Ignatieff defeated

Academic-writer-tv presenter turned Canadian MP, Michael Ignatieff, has been defeated in his bid for the leadership of the Liberal party, Canada’s natural party of government. Ignatieff had pushed for a more liberal approach to Quebec, stuck to his support of Canada’s increasing unpopular presence in Afghanistan and was critical of past Liberal governments. Another academic turned politician, Quebecer Stephane Dion, came from fourth to take 54% in the final ballot. Dion is known for his pro-environmental stance and hardline on Quebec separatism.

  • PP

    I was in Canada during the General election last year. It seemed to me that no matter who was leading the Liberals they were going to have to set about transformation to get re-elected anytime soon, not unlike the position the Conservative Party in the UK has beeen in since 1997.

  • jamesonandwater

    There’s an interesting & entertaining thread on the leadership election over here. Personally, I’m glad that Ignatieff lost, although Dion makes even Harper seem charismatic. Will be interesting to see how the environmental issue plays out, my sense is that it’s enormously important to a lot of people over here. But what do I know, I’m relatively new to Canada.

  • Rory

    >i>”…the Liberal party, Canada’s natural party of government.

    Yes… social Darwinianism is alive and thriving yet in some mends at least I see.

  • Rory

    Minds not mends. Apologies for failure to edit.

  • fair_deal

    Rory

    My someone hasn’t had their coffee this morning.

    In the 20th Century Liberals were the party of government for approximately 71 years which makes the description “natural party of government” a reasonable description.

  • Rory

    Presumably that means that the Communist Party is the natural party of government in Russia on the basis of longevity in power in the 20th century.

  • joeCanuck

    no Rory because they were never elected.

  • Rory

    Oh yes they were, Joe. The electoral system was democratic centralism and gave the electorate just about the same control over policy and personalities as did capitalist democracy – that is to say, very little indeed.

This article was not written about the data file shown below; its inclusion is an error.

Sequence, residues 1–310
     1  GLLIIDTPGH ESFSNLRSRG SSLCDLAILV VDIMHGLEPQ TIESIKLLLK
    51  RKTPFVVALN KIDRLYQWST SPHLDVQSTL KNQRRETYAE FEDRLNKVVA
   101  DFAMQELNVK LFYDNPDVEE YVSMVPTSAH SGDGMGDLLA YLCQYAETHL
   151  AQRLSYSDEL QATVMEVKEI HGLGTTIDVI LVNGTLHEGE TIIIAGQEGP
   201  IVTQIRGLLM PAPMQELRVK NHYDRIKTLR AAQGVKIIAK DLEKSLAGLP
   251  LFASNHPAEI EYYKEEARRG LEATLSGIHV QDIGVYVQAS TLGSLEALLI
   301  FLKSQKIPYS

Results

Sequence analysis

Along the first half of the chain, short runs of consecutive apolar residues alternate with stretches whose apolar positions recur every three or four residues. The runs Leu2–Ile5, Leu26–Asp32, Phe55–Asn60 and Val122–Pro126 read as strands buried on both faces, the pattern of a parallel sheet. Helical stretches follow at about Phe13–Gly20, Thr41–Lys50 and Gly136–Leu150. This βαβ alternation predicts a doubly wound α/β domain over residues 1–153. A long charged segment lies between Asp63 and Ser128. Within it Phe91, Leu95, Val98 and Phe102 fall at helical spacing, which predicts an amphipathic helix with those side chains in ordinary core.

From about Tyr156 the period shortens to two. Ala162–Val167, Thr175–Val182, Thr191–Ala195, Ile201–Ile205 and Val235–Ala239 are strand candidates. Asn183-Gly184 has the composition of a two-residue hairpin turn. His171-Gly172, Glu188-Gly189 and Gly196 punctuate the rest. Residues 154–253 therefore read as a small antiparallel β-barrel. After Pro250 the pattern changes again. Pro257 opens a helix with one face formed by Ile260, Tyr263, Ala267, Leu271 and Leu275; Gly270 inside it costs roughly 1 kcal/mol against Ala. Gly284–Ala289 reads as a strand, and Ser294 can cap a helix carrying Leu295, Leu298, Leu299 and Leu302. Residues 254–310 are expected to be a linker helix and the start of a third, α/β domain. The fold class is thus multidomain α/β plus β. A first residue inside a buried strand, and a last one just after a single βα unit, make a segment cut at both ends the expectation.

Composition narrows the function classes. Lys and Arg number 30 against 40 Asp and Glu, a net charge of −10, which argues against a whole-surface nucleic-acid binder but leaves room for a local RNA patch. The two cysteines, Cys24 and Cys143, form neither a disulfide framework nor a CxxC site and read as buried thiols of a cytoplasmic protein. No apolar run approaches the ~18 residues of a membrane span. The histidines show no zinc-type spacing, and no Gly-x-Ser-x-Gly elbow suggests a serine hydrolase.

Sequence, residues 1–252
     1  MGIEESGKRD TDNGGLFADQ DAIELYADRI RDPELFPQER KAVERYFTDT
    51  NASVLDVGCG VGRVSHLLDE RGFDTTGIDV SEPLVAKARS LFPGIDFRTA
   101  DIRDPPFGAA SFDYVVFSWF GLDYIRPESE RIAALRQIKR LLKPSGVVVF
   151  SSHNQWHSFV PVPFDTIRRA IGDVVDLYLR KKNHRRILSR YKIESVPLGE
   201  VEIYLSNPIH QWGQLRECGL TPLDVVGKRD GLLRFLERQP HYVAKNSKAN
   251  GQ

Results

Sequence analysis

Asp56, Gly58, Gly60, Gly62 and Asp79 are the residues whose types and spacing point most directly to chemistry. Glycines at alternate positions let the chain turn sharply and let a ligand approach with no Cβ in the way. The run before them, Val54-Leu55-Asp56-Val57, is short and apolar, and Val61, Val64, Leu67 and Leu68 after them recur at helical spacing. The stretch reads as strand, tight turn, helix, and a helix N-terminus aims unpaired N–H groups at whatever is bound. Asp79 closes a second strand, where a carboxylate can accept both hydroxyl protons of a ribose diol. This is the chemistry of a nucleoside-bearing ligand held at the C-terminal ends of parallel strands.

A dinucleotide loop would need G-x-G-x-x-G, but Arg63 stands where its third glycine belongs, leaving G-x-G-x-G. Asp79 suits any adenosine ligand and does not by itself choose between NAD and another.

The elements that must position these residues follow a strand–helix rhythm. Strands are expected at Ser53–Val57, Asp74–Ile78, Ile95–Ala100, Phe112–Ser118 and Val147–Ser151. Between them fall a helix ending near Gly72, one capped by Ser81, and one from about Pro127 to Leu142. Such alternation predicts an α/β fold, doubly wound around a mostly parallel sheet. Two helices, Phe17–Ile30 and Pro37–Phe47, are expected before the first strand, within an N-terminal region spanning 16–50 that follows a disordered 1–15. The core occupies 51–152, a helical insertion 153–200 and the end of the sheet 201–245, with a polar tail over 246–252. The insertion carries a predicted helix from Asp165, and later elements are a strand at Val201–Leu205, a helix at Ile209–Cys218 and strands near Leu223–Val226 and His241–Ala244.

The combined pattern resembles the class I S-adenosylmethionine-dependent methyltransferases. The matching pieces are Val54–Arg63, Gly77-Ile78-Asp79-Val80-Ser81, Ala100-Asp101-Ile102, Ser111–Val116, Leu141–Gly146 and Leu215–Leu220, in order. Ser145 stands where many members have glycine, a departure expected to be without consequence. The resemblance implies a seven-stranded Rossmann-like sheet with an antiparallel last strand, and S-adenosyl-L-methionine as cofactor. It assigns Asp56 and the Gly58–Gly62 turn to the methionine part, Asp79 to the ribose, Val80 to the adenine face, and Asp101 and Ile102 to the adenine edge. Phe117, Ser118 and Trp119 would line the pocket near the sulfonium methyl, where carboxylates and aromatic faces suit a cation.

• joeCanuck

    Democracy in action:
    From Elections in communist party states by Alex Pravda:
    the electors were not given much choice: the electoral ballot paper always contained only one name, and an unmarked ballot was interpreted as support for the candidate. To vote against the candidate required the paper to be marked and a secret voting booth used to ensure secrecy. In practice, the use of a voting booth by an elector was itself an expression of dissent, as a supporting vote did not need the use of the booths. Around one to five percent of the electorate used booth in the 1960s and 70s, with the number of opposing votes rarely exceeding 0.5%, mostly directed against locally unpopular individuals. Only at the lowest level did such votes have a chance of having any significant effect; in the Soviet Union circa 1970, about one in ten thousand candidates at village level was defeated.

  • WhosToryNow?

    Democracy in Canada. Liberals elected to repeal GST, they don’t. Liberals promise to defend traditional marriage, they don’t.
    but seriously why is this story blog worthy?

  • Rory

    Democracy in action

    Thanks for the civic lesson, Joe. Democratic centralism in the USSR, whereby power comes from active participation, open discussion and delegation of representatives of the policy derived at via that discussion was very much as capitalist democracy is, i.e. terrificly appealing in principle but the practice was lamentable. It did take power from the exclusive grasp of the landlords and the capitalist class but it did not turn it over to the masses. Much as capital in its democracy retains all power (and increasingly all political representation as with the New Labour coup) and the masses are left powerless. Labour has effectively no organised political voice in the UK parliament whatsoever now, just as in the USA. It would be ridiculous to suggest that I, a UK citizen have the same rights and access to law as, for example, Rupert Murdoch or any Emirate’s sheikh who are not even citizens.

    But then, just as in the USSR, we expect our politicians to be corrupt, to act firstly in the interests of their paymasters and we simply do not trust them. However as long as the children don’t starve it would seem madness to seriously oppose them. They do have the monopoly on armed violence after all and access to whatever laws they care to impose to justify its use.